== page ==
Poisonous Plants on Pastures
Cathie Erichsen Arychuk, P.Ag.
Bison Production Specialist
Each year, livestock producers in Alberta lose animals to poisonous plants. Recognizing problem plants and understanding management opportunities to reduce the risk of poisoning are important tools in preventing a serious problem on your pastures.
Poisonous Plants on Pastures
Every summer, livestock producers in Alberta lose animals to poisonous plants. About 200 species of plants have been implicated in livestock poisonings in Alberta. Luckily, only a couple commonly cause problems.
Plants are considered poisonous if they contain toxic substances in sufficient amounts to harm livestock. Depending on the type of poison, and the amount eaten, an animal's reaction can range from reduced performance to death. Plants are not easily classified as poisonous or not. Some poisonous plants are good forage when eaten in small amounts because the poison is eliminated or diluted as rapidly as it is ingested. Most poisonous plants are dangerous only when consumed in large quantities and even then may be harmless at certain times of the year. However, a few such as western water hemlock are extremely poisonous even in small amounts.
Preventing livestock losses depends on a good knowledge of poisonous plants and the seasons when they are the most dangerous. Good management will often prevent poison plants from being a problem. Most poisonous plants are native to range and pasture lands. Stock do not normally graze these plants because they are unpalatable or few in number.
Common Poisonous Plants
Western Water Hemlock
Water hemlock is the most poisonous plant in North America. It is toxic to all livestock and to humans. One root can kill a cow. Most livestock losses occur in the spring, when the toxin is present in all parts of the plant. By late summer, the toxin is confined to the roots, but these can be pulled out by a grazing animal if the soil is wet. Western water hemlock grows in wet areas such as springs, or stream edges.
Arrowgrass is the second most troublesome plant in Alberta. Arrowgrass is an erect, grass-like plant, with a spikelike flower stalk. It grows in salt marshes and alkaline sloughs, where it is underwater for part or all of the growing season. It can be found singly or in patches. Young leaves are the most toxic, and as little as 2 kg of plant material is fatal if eaten over a short time period. Arrowgrass starts to grow earlier in the spring than pasture grasses, and stock hunting for green plants may graze it then. Animals may also eat the plants throughout the year if they are deprived of salt, as arrowgrass has a high salt content.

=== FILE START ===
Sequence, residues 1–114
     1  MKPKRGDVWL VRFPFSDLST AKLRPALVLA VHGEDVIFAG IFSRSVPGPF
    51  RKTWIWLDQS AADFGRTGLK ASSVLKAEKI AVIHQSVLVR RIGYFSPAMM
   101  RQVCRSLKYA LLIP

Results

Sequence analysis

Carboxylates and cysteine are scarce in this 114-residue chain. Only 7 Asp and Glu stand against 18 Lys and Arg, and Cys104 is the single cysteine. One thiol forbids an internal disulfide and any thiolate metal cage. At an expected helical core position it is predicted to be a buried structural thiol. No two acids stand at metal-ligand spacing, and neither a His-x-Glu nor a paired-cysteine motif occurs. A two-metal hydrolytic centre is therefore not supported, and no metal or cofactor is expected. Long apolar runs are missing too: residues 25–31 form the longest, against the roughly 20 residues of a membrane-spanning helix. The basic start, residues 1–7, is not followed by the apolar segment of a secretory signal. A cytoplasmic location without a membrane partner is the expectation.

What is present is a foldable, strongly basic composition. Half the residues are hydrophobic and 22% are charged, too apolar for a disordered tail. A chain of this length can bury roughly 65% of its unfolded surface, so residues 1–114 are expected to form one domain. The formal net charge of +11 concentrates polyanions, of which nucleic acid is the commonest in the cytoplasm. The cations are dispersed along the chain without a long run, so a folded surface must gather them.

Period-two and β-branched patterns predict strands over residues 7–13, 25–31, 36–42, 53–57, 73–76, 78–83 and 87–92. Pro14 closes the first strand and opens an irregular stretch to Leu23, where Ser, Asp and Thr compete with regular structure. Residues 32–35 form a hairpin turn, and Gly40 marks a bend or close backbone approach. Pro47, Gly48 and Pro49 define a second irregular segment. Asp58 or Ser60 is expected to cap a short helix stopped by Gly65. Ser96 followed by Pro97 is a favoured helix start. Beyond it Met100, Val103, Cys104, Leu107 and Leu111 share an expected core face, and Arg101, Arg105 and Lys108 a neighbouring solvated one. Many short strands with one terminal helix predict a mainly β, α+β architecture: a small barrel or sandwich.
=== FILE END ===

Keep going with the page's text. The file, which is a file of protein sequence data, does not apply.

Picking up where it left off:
Death camas is a small perennial herb with grasslike leaves. The many flowers are small, and creamy yellow coloured. The plant grows from a small bulb, resembling an onion. It starts growing early in the spring, before most grasses, and it blooms in May. All parts of the plant are poisonous, the bulb most of all. It may be grazed in early spring when stock are hunting for new growth.
Narrow-leaved milk-vetch is a branched herb that grows from 1 to 2 feet tall. The leaves are compound, with very narrow leaflets. The cream-coloured flowers open in early June. It is found on open prairies and roadsides, often on sandier soils. Two-grooved milk vetch is a stout, many stemmed plant 1 to 3 feet tall. It has a distinct, unpleasant odour. It also has compound leaves, with many small leaflets. The flowers are deep purple and showy. It grows on semi-moist sites, across Southern Alberta. It is often found in new road ditches. Both milk-vetches accumulate selenium, which causes problems in livestock when grazed.
Most cases of livestock poisoning from plants can be prevented. Livestock are occasionally trailed from place to place over long distances. While on the move, animals tend to eat any green plant along the trail and may graze poisonous plants. Scarcity of palatable forage, lack of water, or lack of salt may cause animals to graze material that might otherwise be rejected. Grazing too early in the spring, before forage species have produced much growth increases the likelihood of poisoning. New pastures may have unexpected problem areas. Check the pasture carefully before grazing it.
Several publications to help you identify and manage poisonous plants are available. Stop in to your local Alberta Agriculture, Food and Rural Development office to pick one up.